A Beautiful Day in the Neighborhood’ is the film of the year that you may not consider to be the best of 2019 but the one that you recall as having been one of the most appealing in several different categories.
I’m conflicted on exactly how to categorize the film, myself. Tom Hanks’s portrayal of Mister Rogers left a profound impression on me. Does he deserve Best Actor for his performance over who my first choice had been, which was Joaquin Phoenix, as Arthur Fleck? Well, maybe, but I didn’t ruminate on his performance of the Joker quite as long as I have on Hanks’s depiction of Fred Rogers, to be honest. What you get from Hanks is another stable transformation into a famous television personality that many remember from their childhood. I’m sure his knowing that meant the pressure was on not to mess it up. Then again, portraying a real-life personality is nothing new to this talented man. In fact, this is the sixth movie where he’s representing someone, and as usual, he hits the nail on the head. What’s particularly remarkable about his efforts here is that ‘A Beautiful Day in the Neighborhood’ isn’t even a biopic.
The film is based on an Esquire magazine article written by Tom Junod. The report, ‘Can You Say. . . Hero?’ was written in 1998 after Junod had spent time interviewing and getting to know Fred. In the film, the writer the article is assigned to is named Lloyd Vogel, played extraordinarily well by, Matthew Rhys (The Post, Burnt). Lloyd is introduced to us in a manner Mr. Rogers would wholeheartedly endorse. The film starts like an episode of the show would. In one way that director Marielle Heller (Can You Ever Forgive Me, The Diary of a Teenage Girl) achieves this goal is to have her audience watch the episode in the 4:3 aspect ratio, which gives the feeling of watching television. You’ll enjoy the authenticity it offers.
Then Mister Rogers gets out a board that has a picture of Lloyd’s face in a little window. He goes on to explain that Lloyd needs forgiveness. Mister Rogers tells his audience that everyone, even Fred himself, at one time or another, has gotten upset. Fred did when he was teased and called names because he was fat when he was growing up. He says that he’d often cry and not be able to control feeling anger swell up inside. He advises that there’s ‘Always something you can do with the mad you feel.’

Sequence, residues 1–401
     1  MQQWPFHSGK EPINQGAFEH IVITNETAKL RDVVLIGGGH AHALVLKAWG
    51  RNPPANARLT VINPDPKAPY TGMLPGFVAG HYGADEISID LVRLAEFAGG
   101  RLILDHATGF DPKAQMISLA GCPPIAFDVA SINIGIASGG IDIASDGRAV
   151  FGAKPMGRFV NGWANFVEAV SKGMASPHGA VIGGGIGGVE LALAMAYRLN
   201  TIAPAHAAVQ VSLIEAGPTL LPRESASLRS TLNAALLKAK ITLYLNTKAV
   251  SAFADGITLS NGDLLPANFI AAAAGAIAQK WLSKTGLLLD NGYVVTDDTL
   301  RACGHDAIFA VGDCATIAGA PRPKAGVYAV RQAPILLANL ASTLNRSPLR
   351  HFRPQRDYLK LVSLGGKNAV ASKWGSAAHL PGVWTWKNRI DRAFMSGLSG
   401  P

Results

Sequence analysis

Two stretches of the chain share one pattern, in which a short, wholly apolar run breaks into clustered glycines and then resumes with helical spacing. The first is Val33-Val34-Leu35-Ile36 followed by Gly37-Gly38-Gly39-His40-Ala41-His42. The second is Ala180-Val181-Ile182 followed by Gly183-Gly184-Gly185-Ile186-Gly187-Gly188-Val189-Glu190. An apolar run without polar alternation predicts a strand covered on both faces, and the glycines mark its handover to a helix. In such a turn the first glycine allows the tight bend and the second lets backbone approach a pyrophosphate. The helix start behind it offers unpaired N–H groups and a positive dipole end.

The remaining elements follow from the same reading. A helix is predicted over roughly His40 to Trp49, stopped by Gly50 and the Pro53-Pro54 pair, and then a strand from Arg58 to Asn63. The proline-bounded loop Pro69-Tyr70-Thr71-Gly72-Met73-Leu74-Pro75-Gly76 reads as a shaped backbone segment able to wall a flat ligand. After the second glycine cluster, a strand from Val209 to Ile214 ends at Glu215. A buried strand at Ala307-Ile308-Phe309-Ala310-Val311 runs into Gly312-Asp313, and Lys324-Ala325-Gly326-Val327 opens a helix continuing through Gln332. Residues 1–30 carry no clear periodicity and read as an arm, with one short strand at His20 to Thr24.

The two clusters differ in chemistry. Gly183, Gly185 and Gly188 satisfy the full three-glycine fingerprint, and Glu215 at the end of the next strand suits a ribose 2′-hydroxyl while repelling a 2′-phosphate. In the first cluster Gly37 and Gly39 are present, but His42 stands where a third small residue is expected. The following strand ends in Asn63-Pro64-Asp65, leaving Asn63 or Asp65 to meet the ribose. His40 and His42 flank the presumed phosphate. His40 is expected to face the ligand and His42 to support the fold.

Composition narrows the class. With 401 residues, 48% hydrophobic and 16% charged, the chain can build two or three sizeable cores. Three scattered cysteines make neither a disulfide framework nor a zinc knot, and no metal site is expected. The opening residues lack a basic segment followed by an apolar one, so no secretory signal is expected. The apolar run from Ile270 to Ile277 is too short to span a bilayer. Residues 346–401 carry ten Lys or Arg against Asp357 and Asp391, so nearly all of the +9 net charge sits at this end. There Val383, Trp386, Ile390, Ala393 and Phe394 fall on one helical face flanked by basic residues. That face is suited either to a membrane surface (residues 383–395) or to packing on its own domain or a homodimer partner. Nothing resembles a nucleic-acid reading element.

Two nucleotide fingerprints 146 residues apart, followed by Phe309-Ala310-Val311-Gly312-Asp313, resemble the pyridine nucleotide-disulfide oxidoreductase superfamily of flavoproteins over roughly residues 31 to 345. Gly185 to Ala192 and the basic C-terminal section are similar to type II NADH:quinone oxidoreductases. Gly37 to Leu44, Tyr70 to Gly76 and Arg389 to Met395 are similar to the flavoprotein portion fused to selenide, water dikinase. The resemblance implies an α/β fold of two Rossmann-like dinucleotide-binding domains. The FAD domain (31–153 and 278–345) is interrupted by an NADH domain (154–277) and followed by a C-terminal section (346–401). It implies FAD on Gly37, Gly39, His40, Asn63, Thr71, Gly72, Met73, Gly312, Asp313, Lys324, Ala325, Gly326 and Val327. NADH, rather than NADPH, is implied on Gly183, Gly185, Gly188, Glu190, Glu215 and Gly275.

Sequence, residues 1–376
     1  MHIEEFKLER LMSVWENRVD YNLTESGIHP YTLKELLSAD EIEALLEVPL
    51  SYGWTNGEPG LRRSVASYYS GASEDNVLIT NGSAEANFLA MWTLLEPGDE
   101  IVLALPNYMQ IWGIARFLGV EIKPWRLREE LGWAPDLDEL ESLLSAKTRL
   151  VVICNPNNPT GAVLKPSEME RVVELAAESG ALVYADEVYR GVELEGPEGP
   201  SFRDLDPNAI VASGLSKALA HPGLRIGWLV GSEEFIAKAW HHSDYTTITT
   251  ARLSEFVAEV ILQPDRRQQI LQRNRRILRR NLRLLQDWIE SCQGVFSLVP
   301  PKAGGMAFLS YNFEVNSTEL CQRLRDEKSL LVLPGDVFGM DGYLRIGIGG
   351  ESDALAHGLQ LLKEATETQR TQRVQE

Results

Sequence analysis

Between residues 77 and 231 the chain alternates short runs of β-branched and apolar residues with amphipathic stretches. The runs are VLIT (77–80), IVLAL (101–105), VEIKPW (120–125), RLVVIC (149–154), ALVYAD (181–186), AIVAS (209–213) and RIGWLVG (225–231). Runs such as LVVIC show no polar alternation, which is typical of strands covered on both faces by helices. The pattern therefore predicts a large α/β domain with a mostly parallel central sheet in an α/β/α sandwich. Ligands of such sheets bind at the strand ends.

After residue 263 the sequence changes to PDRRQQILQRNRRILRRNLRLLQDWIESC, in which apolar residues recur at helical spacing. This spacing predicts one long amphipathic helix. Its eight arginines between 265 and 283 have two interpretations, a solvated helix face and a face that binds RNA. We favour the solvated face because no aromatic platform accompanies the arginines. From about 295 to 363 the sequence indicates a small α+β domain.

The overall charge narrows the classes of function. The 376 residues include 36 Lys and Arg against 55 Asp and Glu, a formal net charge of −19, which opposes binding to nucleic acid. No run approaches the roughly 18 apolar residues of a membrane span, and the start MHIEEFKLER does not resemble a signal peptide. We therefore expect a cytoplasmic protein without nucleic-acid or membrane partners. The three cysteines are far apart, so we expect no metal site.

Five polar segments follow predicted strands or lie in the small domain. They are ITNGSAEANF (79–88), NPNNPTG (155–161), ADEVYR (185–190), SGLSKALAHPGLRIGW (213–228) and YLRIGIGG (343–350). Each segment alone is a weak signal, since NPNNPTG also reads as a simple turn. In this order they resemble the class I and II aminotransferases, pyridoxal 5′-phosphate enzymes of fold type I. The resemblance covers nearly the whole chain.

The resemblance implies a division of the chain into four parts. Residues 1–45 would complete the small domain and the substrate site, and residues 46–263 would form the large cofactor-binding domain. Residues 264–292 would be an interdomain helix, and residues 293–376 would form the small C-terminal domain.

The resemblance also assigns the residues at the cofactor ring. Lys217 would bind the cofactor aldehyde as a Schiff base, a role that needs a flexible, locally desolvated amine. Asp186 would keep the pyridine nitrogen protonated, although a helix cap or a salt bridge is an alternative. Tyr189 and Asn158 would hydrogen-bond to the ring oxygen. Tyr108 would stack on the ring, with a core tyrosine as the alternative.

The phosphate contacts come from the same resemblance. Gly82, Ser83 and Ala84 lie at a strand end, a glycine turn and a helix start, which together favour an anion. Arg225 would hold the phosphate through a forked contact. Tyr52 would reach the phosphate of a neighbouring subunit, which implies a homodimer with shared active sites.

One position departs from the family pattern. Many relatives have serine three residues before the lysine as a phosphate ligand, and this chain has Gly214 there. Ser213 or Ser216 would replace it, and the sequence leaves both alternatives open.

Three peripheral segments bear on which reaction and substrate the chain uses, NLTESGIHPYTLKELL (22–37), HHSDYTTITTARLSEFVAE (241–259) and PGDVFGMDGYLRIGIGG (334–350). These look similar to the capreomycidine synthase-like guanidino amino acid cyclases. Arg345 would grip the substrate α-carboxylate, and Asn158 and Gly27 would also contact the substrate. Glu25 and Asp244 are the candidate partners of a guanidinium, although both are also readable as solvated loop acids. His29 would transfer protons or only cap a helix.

Lloyd isn’t interested in advice from ‘Mister Rogers’ and, as he usually does with his subjects, will do his best to expose his weaknesses. He, after all, doesn’t write fluff pieces. Lloyd plans to pick him apart even after his wife, Andrea (Watson), begs him to be nice to one of her childhood idols. Those plans go awry after he meets the man, however, because Lloyd isn’t prepared for Fred’s brand of kindness. Fred turns their first meeting around on Lloyd, and instead, he does the interviewing, uncovering Lloyd’s vulnerabilities. What begins to happen is, Fred pulls from the writer, feelings he had long buried deep within about his father, Jerry (Cooper). Lloyd kept finding himself on the defense.
This is brilliant scriptwriting. It gives the world a look at who Fred was, how he did what he did, and why. The movie shows us that he never really wanted anything. He was just a good person who believed that through children, adults had a new opportunity to grow. He wanted adults to let go of preconceived notions of how they’re supposed to act and simply be loving and kind to one another.
He also wanted people to appreciate diversity and have the ability to recognize that no life is perfect. Lloyd takes several attempts at eliciting a negative response from Fred but fails miserably. It’s around this time when he begins to see, not only his own shortcomings but Fred’s worth and just how important of an influence Mister Rogers indeed was. Then, what was to be a four-hundred-word assignment becomes a ten-thousand-word exposé that lands the cover.
As Lloyd Vogel hadn’t, I never really paid much attention to Mister Rogers. I didn’t think much of him until I saw the Netflix documentary that came out in 2018 called, ‘Won’t You Be My Neighbor?’ See that and see this film. The two together give you an excellent glance at a spectacular human being. He deserves this film, and you deserve the entertainment you get from viewing it. For extra fun, see if you can spot Fred Roger’s adorable widow. She’s in a scene and said Fred would have been proud to know that Tom Hanks was playing him. Good to know.
A Beautiful Day in the Neighborhood
Director: Marielle Heller
Writers: Micah Fitzerman-Blue & Noah Harpster
*Inspired by the article “Can You Say. . . Hero?” by Tom Junod
Stars: Tom Hanks, Matthew Rhys, Susan Kelechi Watson and Chris Cooper
Running Time: 1h 48m
Genres: Comedy, Adventure